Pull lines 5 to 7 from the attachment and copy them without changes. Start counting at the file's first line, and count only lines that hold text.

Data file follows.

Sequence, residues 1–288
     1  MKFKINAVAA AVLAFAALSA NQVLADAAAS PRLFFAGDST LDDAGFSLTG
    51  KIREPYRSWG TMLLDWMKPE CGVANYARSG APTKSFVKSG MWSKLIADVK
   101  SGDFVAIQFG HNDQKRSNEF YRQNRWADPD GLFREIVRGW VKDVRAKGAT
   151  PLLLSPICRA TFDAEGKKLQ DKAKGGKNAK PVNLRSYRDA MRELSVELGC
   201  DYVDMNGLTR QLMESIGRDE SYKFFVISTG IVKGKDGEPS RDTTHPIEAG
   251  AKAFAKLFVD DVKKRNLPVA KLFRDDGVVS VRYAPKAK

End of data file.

   151  PLLLSPICRA TFDAEGKKLQ DKAKGGKNAK PVNLRSYRDA MRELSVELGC
   201  DYVDMNGLTR QLMESIGRDE SYKFFVISTG IVKGKDGEPS RDTTHPIEAG
   251  AKAFAKLFVD DVKKRNLPVA KLFRDDGVVS VRYAPKAK